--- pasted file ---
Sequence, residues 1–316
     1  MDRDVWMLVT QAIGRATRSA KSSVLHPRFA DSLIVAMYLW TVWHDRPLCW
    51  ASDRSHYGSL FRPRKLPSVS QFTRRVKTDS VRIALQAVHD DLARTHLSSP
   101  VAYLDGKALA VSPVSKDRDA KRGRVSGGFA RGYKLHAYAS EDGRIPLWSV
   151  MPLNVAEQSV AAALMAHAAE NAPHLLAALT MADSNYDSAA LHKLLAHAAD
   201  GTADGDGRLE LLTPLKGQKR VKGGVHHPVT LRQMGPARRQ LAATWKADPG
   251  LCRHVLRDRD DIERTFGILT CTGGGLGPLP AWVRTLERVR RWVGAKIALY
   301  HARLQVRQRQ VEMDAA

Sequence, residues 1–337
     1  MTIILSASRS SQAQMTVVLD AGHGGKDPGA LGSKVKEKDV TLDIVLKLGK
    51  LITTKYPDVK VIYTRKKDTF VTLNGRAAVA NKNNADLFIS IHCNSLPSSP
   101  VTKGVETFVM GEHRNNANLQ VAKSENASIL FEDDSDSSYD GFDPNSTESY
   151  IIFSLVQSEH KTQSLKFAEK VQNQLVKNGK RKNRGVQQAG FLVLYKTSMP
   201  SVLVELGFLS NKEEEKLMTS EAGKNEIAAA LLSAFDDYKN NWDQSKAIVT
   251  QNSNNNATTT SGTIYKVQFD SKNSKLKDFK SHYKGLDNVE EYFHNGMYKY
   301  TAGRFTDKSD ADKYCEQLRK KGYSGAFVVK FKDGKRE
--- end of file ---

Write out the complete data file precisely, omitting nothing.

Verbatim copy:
Sequence, residues 1–316
     1  MDRDVWMLVT QAIGRATRSA KSSVLHPRFA DSLIVAMYLW TVWHDRPLCW
    51  ASDRSHYGSL FRPRKLPSVS QFTRRVKTDS VRIALQAVHD DLARTHLSSP
   101  VAYLDGKALA VSPVSKDRDA KRGRVSGGFA RGYKLHAYAS EDGRIPLWSV
   151  MPLNVAEQSV AAALMAHAAE NAPHLLAALT MADSNYDSAA LHKLLAHAAD
   201  GTADGDGRLE LLTPLKGQKR VKGGVHHPVT LRQMGPARRQ LAATWKADPG
   251  LCRHVLRDRD DIERTFGILT CTGGGLGPLP AWVRTLERVR RWVGAKIALY
   301  HARLQVRQRQ VEMDAA

Sequence, residues 1–337
     1  MTIILSASRS SQAQMTVVLD AGHGGKDPGA LGSKVKEKDV TLDIVLKLGK
    51  LITTKYPDVK VIYTRKKDTF VTLNGRAAVA NKNNADLFIS IHCNSLPSSP
   101  VTKGVETFVM GEHRNNANLQ VAKSENASIL FEDDSDSSYD GFDPNSTESY
   151  IIFSLVQSEH KTQSLKFAEK VQNQLVKNGK RKNRGVQQAG FLVLYKTSMP
   201  SVLVELGFLS NKEEEKLMTS EAGKNEIAAA LLSAFDDYKN NWDQSKAIVT
   251  QNSNNNATTT SGTIYKVQFD SKNSKLKDFK SHYKGLDNVE EYFHNGMYKY
   301  TAGRFTDKSD ADKYCEQLRK KGYSGAFVVK FKDGKRE